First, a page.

A truck driving career is one that can be extremely lucrative. There is no boss breathing down your neck, and for some, that means a significant level of freedom. In exchange, however, there are also significant risks in this industry, some of which are high stress, long hours, and fatigue. For these reasons, tractor trailers are often a factor in highway crashes.
And, when an 18-wheeler is involved, an accident is typically more severe. Many of us are especially cautious when driving around tractor trailers for this reason, and rightly so. We need to keep in mind, though, that the truck driver is also vulnerable. In this story of an accident involving two tractor trailers, a passenger vehicle allegedly caused the accident. According to the report, it was not the fault of either truck driver that caused the crash.
Employee Or Contractor? Does It Make a Difference?
Truck drivers are sometimes employed directly by a trucking or transportation company, and other times may be considered independent contractors. Independent contractors essentially work for themselves and the laws regarding workers’ compensation in Georgia are different depending upon the nature of the employer-employee relationship. Section 34-9-2 of the Georgia Code sets forth the general provisions of workers’ compensation. It states that a worker qualifies as an independent contractor as opposed to an employee if they meet all of the following criteria:
(1) They are a party to a contract that intentionally creates the independent contractor relationship;
(2) They have the right to make their own decisions about the hours they work and how the work is performed; and
(3) They are paid per job or per unit instead of by the hour or on salary.
Anyone who does not meet all of the above listed criteria will be considered an employee unless an administrative law judge makes a determination that they are an independent contractor. Section 34-9-7 of the Georgia Code further states that every service contract between an employer and an employee that is covered by this chapter of the Georgia Code is presumed to be made subject to this chapter.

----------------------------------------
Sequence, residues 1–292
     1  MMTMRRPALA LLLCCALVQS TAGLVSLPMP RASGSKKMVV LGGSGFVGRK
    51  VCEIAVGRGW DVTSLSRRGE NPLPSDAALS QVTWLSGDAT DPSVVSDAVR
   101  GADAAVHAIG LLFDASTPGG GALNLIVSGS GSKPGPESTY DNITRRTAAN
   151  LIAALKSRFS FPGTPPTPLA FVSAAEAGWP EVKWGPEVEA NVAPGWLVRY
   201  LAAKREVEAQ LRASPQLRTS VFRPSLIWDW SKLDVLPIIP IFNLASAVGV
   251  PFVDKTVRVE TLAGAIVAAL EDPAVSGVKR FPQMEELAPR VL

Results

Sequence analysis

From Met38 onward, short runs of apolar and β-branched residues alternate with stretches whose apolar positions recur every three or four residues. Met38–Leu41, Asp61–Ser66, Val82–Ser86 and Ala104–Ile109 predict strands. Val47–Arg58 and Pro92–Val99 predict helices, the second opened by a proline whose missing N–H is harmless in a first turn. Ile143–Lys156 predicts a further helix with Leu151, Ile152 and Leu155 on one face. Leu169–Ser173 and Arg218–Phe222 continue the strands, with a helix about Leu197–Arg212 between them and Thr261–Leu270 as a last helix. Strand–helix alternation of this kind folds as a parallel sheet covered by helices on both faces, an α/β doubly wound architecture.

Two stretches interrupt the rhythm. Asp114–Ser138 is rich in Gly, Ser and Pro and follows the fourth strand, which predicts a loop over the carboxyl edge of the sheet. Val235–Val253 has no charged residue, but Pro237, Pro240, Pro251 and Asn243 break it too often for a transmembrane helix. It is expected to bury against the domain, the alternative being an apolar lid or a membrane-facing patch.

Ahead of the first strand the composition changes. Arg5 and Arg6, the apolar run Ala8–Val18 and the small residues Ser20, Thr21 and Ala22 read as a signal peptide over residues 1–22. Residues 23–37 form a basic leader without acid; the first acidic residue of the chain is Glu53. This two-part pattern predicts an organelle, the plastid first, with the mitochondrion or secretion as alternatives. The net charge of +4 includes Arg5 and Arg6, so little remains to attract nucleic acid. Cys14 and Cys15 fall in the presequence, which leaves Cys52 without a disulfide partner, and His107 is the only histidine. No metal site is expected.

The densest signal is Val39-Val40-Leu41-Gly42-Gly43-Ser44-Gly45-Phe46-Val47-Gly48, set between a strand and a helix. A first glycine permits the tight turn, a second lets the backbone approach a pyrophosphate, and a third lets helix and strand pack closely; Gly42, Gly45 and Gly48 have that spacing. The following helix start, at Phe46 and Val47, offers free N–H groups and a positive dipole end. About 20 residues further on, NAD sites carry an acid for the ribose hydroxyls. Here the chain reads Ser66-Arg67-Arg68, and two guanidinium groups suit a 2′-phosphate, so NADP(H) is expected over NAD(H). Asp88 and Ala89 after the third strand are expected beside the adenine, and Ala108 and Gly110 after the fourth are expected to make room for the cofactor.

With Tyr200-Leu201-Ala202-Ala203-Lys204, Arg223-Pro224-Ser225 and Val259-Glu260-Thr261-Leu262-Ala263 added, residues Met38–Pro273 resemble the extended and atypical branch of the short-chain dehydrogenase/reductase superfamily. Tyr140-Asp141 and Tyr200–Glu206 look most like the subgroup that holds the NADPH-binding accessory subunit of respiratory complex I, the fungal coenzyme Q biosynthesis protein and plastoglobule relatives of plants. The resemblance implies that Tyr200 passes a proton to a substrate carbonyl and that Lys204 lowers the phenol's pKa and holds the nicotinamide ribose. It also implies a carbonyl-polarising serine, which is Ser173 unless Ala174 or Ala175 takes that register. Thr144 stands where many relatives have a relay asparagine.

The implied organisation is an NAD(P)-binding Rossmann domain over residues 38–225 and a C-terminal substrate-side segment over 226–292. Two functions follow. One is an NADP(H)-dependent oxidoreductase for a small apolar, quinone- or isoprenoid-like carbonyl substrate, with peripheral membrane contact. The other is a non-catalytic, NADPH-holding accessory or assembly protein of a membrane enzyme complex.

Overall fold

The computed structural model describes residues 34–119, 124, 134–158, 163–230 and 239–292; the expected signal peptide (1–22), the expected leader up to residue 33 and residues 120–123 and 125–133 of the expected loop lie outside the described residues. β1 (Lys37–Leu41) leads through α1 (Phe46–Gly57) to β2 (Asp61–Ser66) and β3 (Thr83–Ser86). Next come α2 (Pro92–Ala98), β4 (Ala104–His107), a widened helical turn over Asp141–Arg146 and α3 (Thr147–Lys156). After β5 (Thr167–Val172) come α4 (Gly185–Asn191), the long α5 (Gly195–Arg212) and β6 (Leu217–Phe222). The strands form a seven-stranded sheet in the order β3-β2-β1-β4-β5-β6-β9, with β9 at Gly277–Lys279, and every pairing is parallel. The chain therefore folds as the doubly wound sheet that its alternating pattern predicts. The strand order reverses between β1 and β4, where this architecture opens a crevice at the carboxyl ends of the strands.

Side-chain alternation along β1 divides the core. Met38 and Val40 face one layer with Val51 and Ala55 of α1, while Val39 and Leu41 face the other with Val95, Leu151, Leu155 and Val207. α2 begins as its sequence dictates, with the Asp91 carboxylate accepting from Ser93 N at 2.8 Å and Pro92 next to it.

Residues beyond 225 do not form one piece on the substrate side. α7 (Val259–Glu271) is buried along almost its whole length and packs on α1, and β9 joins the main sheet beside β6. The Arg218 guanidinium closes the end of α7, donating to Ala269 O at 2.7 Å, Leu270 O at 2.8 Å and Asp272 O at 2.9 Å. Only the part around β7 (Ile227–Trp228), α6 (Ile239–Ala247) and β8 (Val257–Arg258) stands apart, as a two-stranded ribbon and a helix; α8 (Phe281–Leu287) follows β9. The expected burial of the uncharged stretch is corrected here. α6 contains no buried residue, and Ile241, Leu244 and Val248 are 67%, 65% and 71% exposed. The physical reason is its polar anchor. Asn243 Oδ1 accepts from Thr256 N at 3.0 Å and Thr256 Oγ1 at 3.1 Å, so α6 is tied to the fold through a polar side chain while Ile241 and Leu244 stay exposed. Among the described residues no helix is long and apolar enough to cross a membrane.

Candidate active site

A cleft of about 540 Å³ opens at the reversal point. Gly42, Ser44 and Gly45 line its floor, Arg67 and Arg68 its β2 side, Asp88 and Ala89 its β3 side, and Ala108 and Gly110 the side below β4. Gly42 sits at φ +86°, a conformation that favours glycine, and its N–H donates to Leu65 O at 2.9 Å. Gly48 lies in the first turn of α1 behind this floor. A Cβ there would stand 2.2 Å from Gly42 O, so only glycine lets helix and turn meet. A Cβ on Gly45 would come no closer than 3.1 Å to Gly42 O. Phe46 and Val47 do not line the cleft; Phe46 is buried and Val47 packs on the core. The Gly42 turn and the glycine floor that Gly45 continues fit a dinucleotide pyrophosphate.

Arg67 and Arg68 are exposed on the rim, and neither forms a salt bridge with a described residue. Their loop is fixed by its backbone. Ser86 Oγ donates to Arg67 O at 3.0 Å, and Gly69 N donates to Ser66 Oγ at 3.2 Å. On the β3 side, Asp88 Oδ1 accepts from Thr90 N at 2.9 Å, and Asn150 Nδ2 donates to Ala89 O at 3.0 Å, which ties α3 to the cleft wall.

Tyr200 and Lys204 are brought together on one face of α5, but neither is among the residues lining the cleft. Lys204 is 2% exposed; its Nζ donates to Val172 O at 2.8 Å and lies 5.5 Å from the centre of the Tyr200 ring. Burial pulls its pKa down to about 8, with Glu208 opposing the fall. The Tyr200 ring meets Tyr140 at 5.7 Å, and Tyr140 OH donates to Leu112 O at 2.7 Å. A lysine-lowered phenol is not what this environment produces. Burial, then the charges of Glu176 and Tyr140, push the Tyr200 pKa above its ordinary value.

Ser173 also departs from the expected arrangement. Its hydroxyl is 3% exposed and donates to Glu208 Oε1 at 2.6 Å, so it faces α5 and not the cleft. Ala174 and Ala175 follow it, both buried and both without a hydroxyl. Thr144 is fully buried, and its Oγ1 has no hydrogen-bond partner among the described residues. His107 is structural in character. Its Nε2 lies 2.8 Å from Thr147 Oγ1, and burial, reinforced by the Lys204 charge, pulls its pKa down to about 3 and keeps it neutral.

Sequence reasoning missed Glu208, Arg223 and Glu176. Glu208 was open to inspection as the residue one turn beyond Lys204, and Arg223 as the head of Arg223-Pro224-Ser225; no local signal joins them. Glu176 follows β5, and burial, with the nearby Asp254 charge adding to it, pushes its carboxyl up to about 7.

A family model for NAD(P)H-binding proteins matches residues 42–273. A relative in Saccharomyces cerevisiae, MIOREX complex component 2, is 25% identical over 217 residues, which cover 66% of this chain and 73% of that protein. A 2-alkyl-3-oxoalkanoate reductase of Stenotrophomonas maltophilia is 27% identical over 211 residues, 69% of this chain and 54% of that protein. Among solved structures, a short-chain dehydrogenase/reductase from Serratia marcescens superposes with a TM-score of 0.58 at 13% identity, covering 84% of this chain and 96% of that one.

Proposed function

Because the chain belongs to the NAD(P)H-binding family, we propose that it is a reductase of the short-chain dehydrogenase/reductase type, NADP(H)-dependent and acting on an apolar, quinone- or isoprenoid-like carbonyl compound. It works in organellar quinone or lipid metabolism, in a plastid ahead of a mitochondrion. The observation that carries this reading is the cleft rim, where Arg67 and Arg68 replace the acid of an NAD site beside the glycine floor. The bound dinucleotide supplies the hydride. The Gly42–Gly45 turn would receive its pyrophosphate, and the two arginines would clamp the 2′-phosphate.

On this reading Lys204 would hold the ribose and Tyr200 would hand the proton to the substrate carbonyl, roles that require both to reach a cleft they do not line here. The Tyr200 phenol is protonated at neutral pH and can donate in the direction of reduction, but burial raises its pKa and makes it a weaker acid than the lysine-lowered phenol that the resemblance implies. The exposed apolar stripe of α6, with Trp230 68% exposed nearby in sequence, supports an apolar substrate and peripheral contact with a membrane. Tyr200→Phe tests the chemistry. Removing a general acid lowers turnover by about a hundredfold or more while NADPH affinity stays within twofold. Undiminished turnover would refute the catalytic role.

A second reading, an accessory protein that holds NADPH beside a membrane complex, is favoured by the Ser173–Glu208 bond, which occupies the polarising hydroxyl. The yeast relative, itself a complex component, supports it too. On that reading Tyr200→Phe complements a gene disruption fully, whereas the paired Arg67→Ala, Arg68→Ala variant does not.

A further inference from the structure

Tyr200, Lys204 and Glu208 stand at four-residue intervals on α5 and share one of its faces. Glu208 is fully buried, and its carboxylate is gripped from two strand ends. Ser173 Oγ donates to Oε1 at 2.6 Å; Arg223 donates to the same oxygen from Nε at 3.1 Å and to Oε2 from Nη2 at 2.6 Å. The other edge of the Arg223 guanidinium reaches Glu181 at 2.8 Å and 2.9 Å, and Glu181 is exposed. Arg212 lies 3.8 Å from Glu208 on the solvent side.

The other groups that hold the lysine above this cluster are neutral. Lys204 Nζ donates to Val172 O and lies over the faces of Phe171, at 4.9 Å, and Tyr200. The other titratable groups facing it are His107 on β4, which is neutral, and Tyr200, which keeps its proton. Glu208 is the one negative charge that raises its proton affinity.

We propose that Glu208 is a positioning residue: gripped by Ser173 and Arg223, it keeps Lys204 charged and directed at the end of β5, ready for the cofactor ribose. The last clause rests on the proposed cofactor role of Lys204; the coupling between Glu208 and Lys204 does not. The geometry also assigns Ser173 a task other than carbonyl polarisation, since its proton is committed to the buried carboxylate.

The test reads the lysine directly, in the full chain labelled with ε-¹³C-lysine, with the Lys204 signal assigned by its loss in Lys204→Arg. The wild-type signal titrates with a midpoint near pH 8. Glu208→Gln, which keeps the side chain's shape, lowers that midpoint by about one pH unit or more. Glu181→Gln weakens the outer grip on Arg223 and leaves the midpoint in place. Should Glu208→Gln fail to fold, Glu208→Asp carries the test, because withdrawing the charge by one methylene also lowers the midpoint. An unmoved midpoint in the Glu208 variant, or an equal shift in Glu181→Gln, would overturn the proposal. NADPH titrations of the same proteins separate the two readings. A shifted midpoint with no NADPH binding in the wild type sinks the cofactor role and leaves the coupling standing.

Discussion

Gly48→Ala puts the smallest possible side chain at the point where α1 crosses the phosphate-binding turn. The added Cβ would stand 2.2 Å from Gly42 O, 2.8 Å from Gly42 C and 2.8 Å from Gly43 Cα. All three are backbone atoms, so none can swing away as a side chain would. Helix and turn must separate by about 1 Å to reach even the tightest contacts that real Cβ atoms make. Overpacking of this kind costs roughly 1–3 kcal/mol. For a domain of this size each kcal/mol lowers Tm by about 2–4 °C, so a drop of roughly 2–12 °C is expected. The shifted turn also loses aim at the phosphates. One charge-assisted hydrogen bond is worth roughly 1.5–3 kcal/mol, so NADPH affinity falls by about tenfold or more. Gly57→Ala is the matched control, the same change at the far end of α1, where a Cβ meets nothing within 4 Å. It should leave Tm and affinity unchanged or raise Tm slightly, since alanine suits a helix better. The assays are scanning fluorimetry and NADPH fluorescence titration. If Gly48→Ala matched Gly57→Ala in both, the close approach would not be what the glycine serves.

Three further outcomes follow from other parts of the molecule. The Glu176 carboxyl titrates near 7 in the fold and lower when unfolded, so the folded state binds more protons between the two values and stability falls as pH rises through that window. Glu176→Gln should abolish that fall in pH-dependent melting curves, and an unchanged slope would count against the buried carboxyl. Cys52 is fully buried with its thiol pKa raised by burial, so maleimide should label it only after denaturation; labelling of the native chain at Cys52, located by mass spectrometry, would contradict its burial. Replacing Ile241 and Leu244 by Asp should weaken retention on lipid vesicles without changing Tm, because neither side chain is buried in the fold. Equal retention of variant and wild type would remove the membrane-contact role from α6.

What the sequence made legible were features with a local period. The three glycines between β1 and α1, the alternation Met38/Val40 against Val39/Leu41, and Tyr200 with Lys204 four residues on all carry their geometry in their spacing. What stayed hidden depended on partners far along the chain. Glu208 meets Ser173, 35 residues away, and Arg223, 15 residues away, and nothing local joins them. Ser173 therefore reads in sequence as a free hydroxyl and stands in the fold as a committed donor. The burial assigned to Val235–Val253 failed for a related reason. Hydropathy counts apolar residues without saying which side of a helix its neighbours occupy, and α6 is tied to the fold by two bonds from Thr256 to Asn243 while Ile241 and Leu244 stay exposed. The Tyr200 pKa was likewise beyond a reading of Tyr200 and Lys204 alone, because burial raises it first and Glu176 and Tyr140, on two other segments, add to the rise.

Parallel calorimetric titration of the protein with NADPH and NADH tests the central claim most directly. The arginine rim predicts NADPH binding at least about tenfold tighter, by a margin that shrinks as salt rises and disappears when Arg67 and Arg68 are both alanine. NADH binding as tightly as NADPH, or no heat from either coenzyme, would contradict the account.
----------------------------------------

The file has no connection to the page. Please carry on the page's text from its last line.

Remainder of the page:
This is true regardless of whether the contract is written, oral, or implied. The only exception would be service contracts that fall under the provisions as described in the list above from Code Section 34-9-2.
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Seeking Advice For Your Workers’ Compensation Action
If you have been injured in an accident during the course of your work responsibilities, workers’ compensation may be available to you. At the Bader Scott Injury Lawyers, our attorneys have extensive knowledge and experience dealing with all types of workplace injuries. We will review your case during your private consultation and provide you with competent answers and advice about what you can expect to happen. We will then work tirelessly for you to help you obtain the relief you are entitled to. Contact Bader Scott Injury Lawyers, today to schedule a free consultation so that we can help you get on the road to recovery as soon as possible.